Parents of children with food allergies know that it takes a heap of time and effort to keep your children safe. If you have a food-allergic child, you know that just one slip-up can result in severe consequences, and no parent or child should have to experience this. If your child recently has been diagnosed with food allergies, you may be feeling overwhelmed and wondering where to look. In addition to consulting with medical and nutritional professionals, there are many resources available to help you along on this new and often stressful journey. Here is a list of some valuable options from trusted sources on allergies (with links):
- FARE’s Food Allergy & Anaphylaxis Emergency Plan: The Food Allergy Research & Education organization designed this plan with the help of many multidisciplinary experts on food allergies, as well as FARE’s Medical Advisory Board. This plan can be printed and given to school nurses, teachers, and parents. It outlines symptoms and treatment instructions in the case of an anaphylactic emergency.
- Laws and Regulations: A comprehensive list of laws and regulations that affect those with food allergies. It covers restaurants and food service, schools, medical care, and rights.
- How A Child Might Describe a Reaction Guide: Especially if your child is young and not overtly aware of their allergies, this guide can help you understand how they might act if having an allergic reaction. The faster you or an adult can determine that an allergic reaction is taking place, the sooner you can seek help.
- Allergy-Friendly Recipes: The Kids with Food Allergies Division of the Asthma and Allergy Foundation of America has a blog full of important tips and recipes for providing kids with allergies healthy and safe meals. They even incorporate season holidays that may pose a threat, like allergy-friendly candy on Halloween.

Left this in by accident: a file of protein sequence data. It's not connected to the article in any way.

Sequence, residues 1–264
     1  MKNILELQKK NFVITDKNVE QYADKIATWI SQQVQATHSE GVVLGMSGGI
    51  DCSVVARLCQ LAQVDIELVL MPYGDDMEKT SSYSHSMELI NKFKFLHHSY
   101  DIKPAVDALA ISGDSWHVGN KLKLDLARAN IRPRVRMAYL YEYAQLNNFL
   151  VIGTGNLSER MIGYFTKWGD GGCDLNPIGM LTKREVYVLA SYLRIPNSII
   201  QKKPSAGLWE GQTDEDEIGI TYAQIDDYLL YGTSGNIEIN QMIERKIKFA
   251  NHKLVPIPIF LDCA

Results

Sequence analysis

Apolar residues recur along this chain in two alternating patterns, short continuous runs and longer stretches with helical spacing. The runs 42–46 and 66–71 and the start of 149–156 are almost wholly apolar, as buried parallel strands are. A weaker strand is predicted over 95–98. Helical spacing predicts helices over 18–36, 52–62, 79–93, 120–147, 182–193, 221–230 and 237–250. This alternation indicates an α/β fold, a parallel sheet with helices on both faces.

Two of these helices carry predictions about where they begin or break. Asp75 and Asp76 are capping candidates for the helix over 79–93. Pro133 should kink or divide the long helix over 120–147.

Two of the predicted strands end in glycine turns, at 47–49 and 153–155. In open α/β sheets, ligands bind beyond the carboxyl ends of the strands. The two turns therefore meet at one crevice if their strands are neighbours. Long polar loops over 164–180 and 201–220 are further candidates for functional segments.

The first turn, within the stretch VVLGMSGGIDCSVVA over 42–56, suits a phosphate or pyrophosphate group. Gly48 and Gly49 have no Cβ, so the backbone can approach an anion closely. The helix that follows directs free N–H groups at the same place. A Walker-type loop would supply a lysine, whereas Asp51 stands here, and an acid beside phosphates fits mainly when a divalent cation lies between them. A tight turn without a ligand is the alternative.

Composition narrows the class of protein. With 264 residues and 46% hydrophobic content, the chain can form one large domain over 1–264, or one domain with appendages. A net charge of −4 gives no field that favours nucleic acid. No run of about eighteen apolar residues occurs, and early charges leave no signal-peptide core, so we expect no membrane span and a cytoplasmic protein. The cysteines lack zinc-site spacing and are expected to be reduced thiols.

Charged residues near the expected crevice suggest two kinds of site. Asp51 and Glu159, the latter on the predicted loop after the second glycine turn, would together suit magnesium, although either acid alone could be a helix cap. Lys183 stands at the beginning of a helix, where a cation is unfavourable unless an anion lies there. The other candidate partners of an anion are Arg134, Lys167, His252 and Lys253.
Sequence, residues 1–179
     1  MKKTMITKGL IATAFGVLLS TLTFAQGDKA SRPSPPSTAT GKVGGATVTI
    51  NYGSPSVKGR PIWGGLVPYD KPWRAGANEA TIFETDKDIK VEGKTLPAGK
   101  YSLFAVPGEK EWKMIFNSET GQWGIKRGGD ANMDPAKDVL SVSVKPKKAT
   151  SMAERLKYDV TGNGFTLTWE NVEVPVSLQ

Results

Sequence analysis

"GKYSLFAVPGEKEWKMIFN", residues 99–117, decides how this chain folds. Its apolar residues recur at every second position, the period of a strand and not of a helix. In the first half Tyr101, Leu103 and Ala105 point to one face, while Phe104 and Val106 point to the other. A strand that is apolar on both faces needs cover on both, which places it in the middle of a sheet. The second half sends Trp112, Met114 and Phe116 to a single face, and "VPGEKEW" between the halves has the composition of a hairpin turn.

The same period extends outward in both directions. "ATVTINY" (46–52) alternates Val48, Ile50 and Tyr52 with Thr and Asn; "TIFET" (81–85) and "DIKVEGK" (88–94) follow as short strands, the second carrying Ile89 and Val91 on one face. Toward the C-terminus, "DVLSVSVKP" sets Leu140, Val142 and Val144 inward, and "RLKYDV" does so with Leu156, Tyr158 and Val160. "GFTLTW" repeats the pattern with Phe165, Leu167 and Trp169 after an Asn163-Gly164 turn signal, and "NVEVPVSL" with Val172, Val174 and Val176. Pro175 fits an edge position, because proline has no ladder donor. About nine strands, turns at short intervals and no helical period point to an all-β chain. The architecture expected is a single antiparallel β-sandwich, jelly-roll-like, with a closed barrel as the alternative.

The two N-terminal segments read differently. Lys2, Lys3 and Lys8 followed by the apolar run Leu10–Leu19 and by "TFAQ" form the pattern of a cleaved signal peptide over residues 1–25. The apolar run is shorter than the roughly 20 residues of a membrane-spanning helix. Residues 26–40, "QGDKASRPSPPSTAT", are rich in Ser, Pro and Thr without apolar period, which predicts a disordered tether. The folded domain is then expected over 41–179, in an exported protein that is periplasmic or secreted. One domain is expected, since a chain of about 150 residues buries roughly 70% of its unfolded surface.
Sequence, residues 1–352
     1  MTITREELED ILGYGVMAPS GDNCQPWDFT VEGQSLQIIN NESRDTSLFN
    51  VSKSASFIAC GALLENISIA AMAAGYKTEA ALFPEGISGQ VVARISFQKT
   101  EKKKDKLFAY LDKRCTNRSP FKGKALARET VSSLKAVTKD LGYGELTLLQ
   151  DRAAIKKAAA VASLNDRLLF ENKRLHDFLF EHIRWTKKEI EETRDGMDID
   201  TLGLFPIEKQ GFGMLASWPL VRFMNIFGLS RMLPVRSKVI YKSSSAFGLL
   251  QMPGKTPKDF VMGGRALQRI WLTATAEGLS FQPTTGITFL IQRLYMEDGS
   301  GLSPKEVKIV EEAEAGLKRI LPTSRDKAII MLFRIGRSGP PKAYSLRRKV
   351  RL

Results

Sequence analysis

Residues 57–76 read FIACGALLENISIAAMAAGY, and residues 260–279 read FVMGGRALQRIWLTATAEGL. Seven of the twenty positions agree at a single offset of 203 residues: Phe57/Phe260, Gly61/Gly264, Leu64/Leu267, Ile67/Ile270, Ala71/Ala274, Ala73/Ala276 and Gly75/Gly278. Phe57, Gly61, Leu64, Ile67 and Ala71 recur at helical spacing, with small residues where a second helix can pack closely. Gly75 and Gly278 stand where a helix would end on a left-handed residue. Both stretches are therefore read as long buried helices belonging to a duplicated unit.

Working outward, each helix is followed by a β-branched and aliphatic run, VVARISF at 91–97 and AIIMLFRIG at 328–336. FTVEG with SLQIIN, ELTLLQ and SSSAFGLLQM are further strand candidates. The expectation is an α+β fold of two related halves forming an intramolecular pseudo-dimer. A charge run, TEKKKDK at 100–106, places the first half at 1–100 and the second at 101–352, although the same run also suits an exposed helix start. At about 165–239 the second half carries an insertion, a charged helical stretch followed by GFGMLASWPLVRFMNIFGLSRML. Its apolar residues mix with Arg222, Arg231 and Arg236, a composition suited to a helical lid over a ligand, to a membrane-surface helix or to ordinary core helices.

- Anaphylaxis Educational Courses: ca offers courses for educators as well as family members of people with dangerous allergies, so that they can learn to recognize the signs of allergic reactions and take necessary precautions.
- Newly Diagnosed Support Centre: This website contains educational resources as well as information on avoiding dangerous allergens, and organizes community events for allergy kids and parents in Canada.
- Dairy, Cheese, and Milk Allergy Information: This article, from the Children’s Disabilities Information group, identifies some important ingredients to note if your child has a dairy allergy.
- USDA Special Meal Request Form: This form outlines how food service staff in schools can take special care to accommodate children with allergies. Pages 34 and 35 of this form can be filled out by parents and submitted to schools.
- How to Talk to Children About Food Allergies: Another guide by FARE on how to introduce your child to the reality of their allergies. This guide outlines how to calmly bring up this topic with your child from a young age onward and what resources can help in the future.
- Reading Food Labels: When your child has a food allergy, the easiest way to keep them safe is to carefully scan food labels for dangerous ingredients. But some allergens are trickier to spot than others. This outline explains how to ensure you can correctly identify allergens in food labels and thus reduce risk to your child.
- Self-Care: Life with food allergies can be full of stress, for you and your child. While you want to keep your child safe, you don’t want their allergies to take control of their life. This page has some important guidelines for taking care of yourself, your child, and relationships while dealing with food allergies.
Parents of newly diagnosed allergy kids have a lot to consider. Hopefully this list can help you put things into perspective and empower you to make the best choices for your child. With these resources, and the support from the large community of fellow allergy parents, you can keep your child safe, while enabling them to have a fun and fulfilling life.